Each week, TopResume's career advice expert, Amanda Augustine, answers user questions on Quora like the one below. We'll be republishing those answers here. A certified professional career coach (CPCC) and resume writer (CPRW), Amanda has been helping professionals improve their careers for over 10 years. Have a question for Amanda? Submit it here.
Q: What kind of references should you avoid using on a resume?
Actually, you shouldn't list any references on your resume at all. The same goes for including a statement such as “References available upon request” — there is no need to include this information on your professional resume.
Employers won't ask for your references until you've made it past the initial interview rounds, and they know you'll provide this information if they request it. Remember, you only get one to two pages of resume real estate to work with. Don't waste this precious space with unnecessary information.
That said, it's still a good idea to have a list of references prepared before you go on an interview. My advice is to have at least three references from people with whom you currently or previously worked. This could include any combination of the following:
Former supervisors, managers, or people to whom you had a dotted-line reporting relationship;
Colleagues and peers within your department or across the organization;
Clients or vendors you regularly worked with; and
Direct reports or employees you mentored formally or informally.
If you recently graduated college and don't have a lot of professional experience, consider asking for references from any of the following:
Professors who taught your senior-level courses (assuming the courses are relevant to your current job goals);
Your mentor, college adviser, or guidance counselor;
Your coach from your collegiate sports team or the faculty adviser for a club in which you were active or held a leadership position; and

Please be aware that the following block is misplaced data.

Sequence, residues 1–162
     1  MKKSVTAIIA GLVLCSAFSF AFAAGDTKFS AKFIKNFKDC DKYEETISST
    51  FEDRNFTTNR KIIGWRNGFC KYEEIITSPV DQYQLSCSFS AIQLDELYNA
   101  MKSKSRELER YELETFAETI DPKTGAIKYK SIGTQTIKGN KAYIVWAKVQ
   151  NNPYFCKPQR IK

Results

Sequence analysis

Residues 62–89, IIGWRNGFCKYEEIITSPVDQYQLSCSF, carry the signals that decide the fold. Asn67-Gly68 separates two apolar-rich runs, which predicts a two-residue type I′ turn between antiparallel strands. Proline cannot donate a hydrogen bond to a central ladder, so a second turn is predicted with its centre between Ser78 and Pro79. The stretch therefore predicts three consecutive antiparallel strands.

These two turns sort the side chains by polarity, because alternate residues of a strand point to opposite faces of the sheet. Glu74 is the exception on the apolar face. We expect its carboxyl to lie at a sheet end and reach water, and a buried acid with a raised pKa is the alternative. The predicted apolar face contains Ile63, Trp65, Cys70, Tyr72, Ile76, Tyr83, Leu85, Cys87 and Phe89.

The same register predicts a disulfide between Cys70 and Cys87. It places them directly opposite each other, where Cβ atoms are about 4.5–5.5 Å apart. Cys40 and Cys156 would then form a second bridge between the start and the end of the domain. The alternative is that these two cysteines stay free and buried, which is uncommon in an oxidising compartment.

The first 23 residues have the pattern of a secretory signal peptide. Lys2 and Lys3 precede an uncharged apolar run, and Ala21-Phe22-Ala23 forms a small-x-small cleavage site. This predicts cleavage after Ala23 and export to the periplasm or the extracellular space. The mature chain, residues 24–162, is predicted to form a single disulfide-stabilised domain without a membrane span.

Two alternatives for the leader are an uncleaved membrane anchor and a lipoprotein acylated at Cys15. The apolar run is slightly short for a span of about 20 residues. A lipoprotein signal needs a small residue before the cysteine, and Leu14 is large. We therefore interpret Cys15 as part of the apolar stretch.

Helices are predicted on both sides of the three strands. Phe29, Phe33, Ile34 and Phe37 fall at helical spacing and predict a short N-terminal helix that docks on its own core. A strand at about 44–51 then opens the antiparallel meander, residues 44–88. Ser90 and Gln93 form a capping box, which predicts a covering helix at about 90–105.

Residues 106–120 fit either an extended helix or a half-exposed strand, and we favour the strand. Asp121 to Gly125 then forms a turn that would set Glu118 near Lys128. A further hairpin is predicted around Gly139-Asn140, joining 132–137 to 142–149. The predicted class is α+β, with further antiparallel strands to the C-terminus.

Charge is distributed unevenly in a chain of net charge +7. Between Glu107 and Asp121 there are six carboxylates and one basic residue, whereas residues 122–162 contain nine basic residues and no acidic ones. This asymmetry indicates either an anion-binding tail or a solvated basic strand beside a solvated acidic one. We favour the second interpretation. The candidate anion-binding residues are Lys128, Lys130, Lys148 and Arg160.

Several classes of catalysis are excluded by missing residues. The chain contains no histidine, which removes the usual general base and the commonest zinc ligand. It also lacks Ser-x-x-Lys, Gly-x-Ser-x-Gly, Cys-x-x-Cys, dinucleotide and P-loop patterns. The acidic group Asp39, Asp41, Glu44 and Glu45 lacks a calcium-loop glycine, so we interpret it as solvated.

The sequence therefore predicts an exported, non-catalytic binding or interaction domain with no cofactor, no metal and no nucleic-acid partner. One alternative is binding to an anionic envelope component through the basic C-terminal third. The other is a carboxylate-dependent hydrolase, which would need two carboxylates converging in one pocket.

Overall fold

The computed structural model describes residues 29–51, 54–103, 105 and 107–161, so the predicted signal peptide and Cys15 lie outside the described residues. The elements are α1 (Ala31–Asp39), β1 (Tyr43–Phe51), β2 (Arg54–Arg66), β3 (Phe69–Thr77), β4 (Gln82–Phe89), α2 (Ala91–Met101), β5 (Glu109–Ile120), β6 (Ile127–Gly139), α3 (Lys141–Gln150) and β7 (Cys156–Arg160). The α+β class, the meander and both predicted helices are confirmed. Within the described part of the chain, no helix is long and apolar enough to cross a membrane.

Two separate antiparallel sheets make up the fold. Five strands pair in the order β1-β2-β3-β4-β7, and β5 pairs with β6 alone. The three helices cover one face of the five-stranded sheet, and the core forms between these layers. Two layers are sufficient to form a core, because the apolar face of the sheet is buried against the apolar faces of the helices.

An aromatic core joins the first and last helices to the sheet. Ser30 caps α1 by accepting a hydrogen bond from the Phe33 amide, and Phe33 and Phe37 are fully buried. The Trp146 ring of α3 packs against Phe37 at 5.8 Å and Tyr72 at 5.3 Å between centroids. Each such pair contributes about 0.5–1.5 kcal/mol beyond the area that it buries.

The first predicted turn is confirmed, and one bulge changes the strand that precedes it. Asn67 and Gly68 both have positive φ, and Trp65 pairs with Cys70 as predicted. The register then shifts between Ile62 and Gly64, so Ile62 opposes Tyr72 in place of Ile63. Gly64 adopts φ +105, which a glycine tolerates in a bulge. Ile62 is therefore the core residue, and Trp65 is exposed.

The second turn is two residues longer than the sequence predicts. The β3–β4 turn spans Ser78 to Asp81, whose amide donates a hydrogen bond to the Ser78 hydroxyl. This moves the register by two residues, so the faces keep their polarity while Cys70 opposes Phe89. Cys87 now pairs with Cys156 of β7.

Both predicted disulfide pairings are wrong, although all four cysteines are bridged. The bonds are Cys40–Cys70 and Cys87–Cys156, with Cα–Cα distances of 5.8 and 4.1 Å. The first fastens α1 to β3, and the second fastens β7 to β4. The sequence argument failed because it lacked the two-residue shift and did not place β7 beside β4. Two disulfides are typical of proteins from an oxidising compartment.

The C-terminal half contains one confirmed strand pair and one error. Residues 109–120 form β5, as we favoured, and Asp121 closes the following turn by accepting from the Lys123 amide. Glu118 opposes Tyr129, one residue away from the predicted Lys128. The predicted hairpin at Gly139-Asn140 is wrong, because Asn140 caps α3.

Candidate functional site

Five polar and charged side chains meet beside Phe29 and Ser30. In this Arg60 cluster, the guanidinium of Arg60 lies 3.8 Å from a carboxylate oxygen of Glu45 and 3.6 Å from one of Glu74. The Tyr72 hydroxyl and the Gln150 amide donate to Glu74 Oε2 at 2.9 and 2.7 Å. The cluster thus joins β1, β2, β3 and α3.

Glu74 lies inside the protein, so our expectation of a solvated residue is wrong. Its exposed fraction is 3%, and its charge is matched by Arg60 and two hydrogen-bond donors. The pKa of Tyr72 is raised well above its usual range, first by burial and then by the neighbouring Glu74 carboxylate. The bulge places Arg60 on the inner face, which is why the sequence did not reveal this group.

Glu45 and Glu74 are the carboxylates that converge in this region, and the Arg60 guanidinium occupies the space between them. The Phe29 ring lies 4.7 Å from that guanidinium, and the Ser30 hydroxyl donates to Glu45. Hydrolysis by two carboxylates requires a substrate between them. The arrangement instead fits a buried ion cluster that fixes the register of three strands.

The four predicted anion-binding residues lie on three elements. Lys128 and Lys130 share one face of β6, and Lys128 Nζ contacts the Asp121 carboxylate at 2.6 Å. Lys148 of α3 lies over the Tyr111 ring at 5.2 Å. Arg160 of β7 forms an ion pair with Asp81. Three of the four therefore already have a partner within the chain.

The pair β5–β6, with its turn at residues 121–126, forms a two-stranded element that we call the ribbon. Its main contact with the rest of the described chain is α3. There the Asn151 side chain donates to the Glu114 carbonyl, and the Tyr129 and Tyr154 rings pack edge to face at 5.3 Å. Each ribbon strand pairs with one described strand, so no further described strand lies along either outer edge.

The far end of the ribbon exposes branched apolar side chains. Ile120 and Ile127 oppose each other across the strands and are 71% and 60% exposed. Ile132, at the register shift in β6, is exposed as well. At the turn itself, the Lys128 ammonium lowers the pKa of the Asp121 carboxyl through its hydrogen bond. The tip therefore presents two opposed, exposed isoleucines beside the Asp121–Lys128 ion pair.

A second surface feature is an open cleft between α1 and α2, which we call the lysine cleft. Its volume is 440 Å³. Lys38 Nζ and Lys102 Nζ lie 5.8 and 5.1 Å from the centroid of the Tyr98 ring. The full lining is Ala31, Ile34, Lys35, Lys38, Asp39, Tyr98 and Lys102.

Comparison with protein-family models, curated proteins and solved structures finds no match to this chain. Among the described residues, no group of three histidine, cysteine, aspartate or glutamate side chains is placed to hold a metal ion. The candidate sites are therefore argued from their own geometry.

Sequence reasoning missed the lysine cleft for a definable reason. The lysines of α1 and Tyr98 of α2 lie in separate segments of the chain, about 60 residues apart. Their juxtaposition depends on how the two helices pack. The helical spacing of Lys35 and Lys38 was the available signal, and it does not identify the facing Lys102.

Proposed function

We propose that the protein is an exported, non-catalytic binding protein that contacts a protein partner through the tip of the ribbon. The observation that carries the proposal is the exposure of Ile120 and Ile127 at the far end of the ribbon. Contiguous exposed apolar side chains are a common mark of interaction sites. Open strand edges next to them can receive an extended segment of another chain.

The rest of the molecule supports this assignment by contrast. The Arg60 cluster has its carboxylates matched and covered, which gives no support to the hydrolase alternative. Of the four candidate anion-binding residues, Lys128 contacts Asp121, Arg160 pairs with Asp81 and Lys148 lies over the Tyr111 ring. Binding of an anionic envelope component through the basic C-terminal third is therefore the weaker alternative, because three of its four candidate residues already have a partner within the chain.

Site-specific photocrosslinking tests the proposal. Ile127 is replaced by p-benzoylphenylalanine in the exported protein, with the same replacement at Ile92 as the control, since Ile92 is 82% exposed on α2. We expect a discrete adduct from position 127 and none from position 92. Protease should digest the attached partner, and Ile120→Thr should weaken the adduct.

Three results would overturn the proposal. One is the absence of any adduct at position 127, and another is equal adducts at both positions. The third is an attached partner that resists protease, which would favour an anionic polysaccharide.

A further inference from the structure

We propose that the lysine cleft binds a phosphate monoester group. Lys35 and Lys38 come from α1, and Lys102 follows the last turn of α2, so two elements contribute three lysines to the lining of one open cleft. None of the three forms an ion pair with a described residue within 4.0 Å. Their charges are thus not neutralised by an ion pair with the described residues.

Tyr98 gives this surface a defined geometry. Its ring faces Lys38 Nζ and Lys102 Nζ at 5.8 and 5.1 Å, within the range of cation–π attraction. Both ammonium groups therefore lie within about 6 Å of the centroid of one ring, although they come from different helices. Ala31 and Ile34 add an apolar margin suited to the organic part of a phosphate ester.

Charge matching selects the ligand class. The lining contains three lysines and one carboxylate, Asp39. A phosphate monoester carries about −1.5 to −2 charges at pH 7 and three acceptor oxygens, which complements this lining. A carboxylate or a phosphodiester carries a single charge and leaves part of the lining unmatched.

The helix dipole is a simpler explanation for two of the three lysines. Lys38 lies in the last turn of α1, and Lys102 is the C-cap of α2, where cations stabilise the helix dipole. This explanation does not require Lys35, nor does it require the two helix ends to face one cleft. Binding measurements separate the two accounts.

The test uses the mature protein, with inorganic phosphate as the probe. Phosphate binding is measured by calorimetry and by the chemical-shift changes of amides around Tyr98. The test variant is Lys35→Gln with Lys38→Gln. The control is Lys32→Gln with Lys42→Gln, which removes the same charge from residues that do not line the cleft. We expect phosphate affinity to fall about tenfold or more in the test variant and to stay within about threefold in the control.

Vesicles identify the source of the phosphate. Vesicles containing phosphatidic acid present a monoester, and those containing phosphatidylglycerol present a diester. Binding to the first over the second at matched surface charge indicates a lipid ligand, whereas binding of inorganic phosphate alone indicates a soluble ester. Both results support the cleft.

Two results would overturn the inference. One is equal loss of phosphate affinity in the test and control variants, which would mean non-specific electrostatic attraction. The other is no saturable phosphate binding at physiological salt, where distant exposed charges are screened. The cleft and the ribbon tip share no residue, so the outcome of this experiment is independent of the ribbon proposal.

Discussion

Those who managed or worked with you during your internships.
When it comes to selecting the best professional references for your job search, only select people who you have insight into your skills and capabilities and who you trust to say good things about you and your performance. In other words, target people for references who are willing to advocate for your candidacy. If you're currently employed and trying to keep your job search under wraps, only ask people you truly trust to keep your secret. If possible, reach out to people who have left the organization or with whom worked at a previous job.
Avoid using family members (even if you work with them) and friends outside of work. Employers don't care that your best friend and your mom think you're a great person. They want someone from your work history to vouch for you and share insights into your soft skills that are hard to assess during an initial interview.
Once you've created a list of potential references, be sure to reach out to each of these people and ask them if they're willing to be your reference. It's incredibly important to get their buy-in before you share their name with a prospective employer.
Once someone has agreed to be a reference, make sure you:
Ask them what phone number and email address they'd like employers to use when contacting them;
Send them a copy of your current resume and the link to your LinkedIn profile so they're clear on your start and end dates, job title, and so forth; and
Explain what type of job you're currently targeting for your job search. If there's a particular project you worked on with this person or a skill you used that you'd like the person to emphasize during a reference check, be sure to share this information with your references.
An unprepared reference can hurt your chances of landing the job, so be sure to alert your references once you're scheduled for an in-person interview.
Click on the following link for more information on preparing for the interview process.